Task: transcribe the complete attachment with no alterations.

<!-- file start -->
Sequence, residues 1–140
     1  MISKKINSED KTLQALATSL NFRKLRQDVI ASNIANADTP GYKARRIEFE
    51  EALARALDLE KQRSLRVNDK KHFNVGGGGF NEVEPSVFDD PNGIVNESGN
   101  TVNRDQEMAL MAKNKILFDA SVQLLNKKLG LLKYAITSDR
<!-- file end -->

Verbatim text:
Sequence, residues 1–140
     1  MISKKINSED KTLQALATSL NFRKLRQDVI ASNIANADTP GYKARRIEFE
    51  EALARALDLE KQRSLRVNDK KHFNVGGGGF NEVEPSVFDD PNGIVNESGN
   101  TVNRDQEMAL MAKNKILFDA SVQLLNKKLG LLKYAITSDR